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Wedding Budget TipsWedding Budget Tips

published March 16th, 2014

The cost of the average American wedding is $28,000, with around half of that total being spent on the ceremony and reception venue. However you break it down that’s a lot of money to spend on one event. That’s not to say you should forgo your big day and take a year long vacation, but there are ways to slice that bill if you’re willing to make a few compromises, and maybe even some sacrifices.

The golden rule here is that you should never ever go into debt to fund your big day. You may have a lot of available credit on your flexible friend, but it’s a really bad idea to start married life sitting at the breakfast table having a debt crisis meeting. Especially if you have debt to begin with, and according to statistics the average American is more than $225,000 in debt with many having less than $500 in savings. Bearing in mind that the average cost of a wedding dress is around $1,000 - that 500 bucks would probably only cover the stationary.

So how do you pay for your wedding on a budget? First you should figure out exactly how much you have available. Maybe ask family if they’d be willing to contribute. Every little helps. Beg, borrow and steal to raise as much money as possible.

Actually, don’t borrow - that’s still going into debt. Also, don’t steal - that’s actually a criminal offence. Starting out married life with one (or both) of you behind bars is probably not ideal. So just beg - like a dog, but with a little more self respect and dignity.

Create a budget spreadsheet with a set dollar limit for each part of your budget (attire, reception, flowers, etc.).

Once you have your budget then cut it by 10%. This will allow you to slightly exceed your budget without going into the red. Just think of that 10% as an overdraft cushion. A safety net, or whatever analogy floats your boat.

There’s a per-head cost for food and drink, and these two are typically the biggest expense in the whole wedding, so make an A list and a B list. On your A list you’re going to have people who really must be there at any cost, and on your B list - people you haven’t spoken to for two years but you’re inviting them because you think it would be rude not to.

Now take your B list - and toss it in the fire. Forget them. These people don’t need to be at your wedding. Yes, you’re going to upset a few people but the worst they can do is call you less than they already do - or maybe unfriend you on Facebook.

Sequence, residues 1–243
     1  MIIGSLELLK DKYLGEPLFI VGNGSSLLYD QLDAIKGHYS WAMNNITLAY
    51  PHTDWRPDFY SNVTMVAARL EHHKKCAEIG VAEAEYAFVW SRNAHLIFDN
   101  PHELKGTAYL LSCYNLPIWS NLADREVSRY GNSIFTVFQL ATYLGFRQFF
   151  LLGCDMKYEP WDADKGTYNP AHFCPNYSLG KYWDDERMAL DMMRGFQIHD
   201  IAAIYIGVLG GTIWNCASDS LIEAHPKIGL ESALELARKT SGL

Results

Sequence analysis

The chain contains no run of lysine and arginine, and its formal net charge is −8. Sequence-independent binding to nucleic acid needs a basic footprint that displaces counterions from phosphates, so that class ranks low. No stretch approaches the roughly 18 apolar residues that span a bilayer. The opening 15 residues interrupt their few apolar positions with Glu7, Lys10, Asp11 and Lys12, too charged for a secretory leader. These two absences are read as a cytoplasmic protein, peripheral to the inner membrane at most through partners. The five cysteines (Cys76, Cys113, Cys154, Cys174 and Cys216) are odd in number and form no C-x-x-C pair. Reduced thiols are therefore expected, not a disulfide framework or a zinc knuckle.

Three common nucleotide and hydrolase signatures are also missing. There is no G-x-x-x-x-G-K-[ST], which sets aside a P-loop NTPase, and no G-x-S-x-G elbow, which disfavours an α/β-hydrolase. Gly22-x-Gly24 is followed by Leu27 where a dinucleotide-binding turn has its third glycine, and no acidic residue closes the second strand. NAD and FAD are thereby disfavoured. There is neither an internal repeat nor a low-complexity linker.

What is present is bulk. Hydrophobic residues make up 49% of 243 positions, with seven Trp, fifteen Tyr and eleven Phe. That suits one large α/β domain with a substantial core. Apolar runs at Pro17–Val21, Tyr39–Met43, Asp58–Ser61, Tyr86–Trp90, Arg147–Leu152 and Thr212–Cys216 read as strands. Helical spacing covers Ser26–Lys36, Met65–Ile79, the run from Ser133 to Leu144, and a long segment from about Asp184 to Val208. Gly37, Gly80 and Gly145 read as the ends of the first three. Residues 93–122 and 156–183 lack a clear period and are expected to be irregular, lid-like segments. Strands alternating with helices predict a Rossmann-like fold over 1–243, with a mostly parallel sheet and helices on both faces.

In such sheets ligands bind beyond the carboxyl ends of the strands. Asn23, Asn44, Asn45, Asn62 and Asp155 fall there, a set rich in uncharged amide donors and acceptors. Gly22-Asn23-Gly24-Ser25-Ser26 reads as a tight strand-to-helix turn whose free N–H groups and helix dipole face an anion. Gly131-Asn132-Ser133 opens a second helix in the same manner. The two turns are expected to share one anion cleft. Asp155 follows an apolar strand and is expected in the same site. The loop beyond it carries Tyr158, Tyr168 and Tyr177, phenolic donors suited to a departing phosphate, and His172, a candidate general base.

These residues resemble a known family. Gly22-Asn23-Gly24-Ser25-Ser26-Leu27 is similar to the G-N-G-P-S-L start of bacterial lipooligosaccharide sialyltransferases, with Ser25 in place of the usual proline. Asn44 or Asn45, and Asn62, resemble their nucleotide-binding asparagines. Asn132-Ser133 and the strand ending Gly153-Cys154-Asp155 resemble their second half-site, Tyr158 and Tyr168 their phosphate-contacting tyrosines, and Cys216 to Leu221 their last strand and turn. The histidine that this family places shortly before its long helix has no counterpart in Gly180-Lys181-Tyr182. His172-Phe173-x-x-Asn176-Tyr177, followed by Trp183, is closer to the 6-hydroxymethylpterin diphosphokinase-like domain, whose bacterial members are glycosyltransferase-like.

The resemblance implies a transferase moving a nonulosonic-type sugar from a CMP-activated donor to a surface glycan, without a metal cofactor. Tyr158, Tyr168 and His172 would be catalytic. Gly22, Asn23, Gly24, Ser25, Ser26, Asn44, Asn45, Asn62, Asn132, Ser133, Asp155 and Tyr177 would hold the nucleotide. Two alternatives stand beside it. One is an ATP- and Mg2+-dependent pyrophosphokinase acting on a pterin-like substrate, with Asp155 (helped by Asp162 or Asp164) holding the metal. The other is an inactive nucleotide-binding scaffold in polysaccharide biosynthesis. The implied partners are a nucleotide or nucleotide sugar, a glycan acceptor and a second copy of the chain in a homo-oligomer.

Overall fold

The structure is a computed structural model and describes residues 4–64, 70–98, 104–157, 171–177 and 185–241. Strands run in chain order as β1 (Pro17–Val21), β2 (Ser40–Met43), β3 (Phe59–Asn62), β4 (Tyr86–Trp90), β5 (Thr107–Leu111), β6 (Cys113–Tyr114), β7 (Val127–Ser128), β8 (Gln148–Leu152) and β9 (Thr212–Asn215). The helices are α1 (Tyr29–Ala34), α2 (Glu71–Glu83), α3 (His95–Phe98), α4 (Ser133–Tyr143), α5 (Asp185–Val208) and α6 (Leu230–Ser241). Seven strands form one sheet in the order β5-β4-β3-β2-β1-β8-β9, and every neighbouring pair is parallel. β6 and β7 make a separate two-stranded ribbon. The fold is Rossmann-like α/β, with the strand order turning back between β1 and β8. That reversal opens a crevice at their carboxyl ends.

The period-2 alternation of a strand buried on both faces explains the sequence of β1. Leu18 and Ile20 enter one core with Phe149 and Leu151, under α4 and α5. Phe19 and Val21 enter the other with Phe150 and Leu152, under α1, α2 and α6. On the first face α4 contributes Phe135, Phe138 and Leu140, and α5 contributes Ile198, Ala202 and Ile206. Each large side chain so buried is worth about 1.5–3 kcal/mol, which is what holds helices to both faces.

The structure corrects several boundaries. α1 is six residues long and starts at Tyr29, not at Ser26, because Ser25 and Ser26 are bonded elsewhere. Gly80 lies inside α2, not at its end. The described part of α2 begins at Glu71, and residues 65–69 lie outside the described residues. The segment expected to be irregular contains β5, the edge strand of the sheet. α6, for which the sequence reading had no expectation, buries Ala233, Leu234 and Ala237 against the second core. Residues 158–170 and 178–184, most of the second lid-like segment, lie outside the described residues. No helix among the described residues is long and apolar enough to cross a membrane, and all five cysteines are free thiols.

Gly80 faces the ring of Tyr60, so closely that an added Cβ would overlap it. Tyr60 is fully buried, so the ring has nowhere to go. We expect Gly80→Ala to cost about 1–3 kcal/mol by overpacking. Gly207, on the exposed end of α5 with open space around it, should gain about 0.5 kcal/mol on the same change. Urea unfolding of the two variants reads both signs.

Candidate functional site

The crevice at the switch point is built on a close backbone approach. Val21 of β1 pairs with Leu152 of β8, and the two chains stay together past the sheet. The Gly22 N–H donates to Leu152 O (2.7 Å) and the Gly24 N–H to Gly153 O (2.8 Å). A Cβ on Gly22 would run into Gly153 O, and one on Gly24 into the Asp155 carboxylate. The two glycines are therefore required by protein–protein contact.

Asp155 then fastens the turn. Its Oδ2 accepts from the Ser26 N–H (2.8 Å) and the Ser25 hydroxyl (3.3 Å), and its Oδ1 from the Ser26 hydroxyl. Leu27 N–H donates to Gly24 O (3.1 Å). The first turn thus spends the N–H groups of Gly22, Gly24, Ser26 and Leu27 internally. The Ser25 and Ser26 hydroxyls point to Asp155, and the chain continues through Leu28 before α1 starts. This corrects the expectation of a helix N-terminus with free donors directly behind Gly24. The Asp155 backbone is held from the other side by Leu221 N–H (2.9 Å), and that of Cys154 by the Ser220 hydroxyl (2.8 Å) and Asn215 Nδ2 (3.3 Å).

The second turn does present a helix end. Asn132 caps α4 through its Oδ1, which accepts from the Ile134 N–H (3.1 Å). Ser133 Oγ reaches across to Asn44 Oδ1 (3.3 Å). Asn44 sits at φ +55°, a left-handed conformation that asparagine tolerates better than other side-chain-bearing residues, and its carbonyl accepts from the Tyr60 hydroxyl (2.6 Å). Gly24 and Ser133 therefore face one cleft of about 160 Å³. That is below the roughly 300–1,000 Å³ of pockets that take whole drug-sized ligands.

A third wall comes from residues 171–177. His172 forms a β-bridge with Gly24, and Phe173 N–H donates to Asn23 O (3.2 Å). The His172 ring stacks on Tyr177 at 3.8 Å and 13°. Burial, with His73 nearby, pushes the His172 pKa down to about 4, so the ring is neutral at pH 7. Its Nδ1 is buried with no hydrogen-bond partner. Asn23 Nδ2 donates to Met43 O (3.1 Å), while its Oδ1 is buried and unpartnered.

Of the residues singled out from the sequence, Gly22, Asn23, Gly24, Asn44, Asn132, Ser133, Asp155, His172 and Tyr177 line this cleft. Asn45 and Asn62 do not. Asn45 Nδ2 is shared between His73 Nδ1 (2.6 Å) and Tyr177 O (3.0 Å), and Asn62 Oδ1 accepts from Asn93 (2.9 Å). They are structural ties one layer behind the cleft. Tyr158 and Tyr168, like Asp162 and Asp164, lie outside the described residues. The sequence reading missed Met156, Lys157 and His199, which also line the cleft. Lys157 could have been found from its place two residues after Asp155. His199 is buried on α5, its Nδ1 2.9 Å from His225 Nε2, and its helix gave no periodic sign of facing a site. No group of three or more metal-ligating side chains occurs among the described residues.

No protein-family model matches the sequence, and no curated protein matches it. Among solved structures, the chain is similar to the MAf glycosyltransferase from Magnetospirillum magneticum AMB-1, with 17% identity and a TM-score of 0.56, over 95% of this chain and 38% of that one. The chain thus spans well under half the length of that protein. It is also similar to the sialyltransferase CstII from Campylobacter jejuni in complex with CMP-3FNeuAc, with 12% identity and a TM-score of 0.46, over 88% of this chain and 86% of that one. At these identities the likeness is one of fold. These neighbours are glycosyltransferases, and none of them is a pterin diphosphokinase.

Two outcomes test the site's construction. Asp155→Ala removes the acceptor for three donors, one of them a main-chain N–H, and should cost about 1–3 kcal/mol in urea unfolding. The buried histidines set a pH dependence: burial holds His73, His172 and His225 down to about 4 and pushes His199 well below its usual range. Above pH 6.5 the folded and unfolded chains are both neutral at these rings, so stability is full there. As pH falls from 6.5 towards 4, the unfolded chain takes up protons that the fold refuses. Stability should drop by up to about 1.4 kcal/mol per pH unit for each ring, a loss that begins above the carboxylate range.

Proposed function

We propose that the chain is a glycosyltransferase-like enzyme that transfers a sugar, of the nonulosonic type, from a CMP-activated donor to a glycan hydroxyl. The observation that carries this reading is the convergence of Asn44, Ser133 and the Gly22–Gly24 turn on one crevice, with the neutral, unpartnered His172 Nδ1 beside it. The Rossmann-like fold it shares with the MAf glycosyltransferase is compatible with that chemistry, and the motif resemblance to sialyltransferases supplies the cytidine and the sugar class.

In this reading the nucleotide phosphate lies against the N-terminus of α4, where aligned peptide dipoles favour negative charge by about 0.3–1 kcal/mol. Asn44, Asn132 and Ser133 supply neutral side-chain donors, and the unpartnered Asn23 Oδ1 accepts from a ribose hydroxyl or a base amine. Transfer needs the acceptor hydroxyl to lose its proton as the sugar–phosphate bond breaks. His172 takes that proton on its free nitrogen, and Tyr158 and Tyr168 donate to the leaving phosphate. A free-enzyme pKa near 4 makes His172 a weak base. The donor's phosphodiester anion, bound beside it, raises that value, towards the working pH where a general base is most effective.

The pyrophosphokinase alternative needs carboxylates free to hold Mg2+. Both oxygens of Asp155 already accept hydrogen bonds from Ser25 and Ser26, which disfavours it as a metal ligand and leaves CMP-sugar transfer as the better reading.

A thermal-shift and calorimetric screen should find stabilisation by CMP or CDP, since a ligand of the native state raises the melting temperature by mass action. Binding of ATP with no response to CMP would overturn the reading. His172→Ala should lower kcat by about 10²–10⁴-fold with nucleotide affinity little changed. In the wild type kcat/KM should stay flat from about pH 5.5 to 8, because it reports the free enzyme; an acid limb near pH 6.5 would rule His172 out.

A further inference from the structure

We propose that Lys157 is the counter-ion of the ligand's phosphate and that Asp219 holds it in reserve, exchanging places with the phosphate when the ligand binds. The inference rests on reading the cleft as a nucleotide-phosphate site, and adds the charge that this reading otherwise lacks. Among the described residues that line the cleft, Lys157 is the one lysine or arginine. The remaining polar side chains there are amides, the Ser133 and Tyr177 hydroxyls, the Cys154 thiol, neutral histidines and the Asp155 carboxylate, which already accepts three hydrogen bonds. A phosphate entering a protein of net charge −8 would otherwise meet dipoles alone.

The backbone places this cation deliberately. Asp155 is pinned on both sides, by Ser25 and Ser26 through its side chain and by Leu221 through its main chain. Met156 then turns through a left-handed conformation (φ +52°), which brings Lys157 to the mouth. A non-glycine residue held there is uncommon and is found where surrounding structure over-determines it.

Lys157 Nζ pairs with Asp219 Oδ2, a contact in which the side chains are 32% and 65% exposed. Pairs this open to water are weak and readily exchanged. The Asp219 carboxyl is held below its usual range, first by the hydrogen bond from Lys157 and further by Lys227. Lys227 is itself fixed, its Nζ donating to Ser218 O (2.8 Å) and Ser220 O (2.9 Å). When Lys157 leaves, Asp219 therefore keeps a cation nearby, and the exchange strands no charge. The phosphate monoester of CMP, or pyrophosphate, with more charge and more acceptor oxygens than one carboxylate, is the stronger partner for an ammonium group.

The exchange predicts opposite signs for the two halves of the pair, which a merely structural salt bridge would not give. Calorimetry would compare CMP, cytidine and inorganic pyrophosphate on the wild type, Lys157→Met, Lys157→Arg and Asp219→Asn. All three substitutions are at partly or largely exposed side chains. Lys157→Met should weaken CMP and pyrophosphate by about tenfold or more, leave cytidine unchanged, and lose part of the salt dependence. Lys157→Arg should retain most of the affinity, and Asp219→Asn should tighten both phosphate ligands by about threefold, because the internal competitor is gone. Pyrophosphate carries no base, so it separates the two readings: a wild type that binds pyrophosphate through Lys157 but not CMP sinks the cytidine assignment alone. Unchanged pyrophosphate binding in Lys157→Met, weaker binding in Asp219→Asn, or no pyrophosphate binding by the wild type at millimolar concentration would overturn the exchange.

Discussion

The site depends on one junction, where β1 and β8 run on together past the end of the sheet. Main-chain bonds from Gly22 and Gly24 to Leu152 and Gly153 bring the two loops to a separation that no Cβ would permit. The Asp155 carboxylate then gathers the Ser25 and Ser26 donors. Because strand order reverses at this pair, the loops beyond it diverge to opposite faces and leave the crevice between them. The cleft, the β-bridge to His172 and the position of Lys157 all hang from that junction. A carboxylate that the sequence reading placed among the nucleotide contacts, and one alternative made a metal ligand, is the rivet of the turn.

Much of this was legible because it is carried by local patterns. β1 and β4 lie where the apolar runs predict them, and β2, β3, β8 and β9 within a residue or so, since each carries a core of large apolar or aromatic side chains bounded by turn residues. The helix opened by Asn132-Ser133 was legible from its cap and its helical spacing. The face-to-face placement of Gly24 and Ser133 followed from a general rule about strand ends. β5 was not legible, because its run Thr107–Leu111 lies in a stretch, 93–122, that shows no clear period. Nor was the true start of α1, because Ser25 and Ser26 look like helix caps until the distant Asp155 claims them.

If you don’t have a fireplace then a shredder will probably suffice. You just don’t want to go fishing around in the trash at 3am with pangs of guilt. It’s for your own good.

Cutting down on your guest list will have a ripple effect on the rest of your budget. You can have a smaller venue, and less decor, stationary, favors, food and drink. You’ll be amazed at how much money you can save - all by destroying a few friendships!

Seriously though, invite them over for coffee a few weeks later, tell them it was nothing personal, they’ll understand!

The setting of your wedding is also a big cost factor. Major cities are bound to be more expensive, but then again so is some obscure town in the middle of nowhere - as it’ll cost more to have everything shipped there. It’ll also be a major pain getting there if the nearest gas station is 500 miles away. So maybe go and scout a few locations.

Date and time is also an obvious consideration. Getting married on a Saturday in the middle of summer is obviously going to cost more than a Wednesday in the middle of winter. So maybe compromise with a Friday afternoon in the spring time.

Finally, it’s great if you want a formal affair but this will have to reflect on the venue, food and entertainment. Therefore maybe an informal affair is a viable option?

Don’t think that because your wedding budget is $10,020 you need to spend $10,020. If it comes in at $9,000 just save the surplus money for your honeymoon. There’s no need to order $1k worth of liquor to celebrate saving $1k on your wedding budget!

So cut down on the guests, don’t be too sniffy about the location and don’t feel bad that a few of your friends may have to take one day of their paid work vacation in order to attend.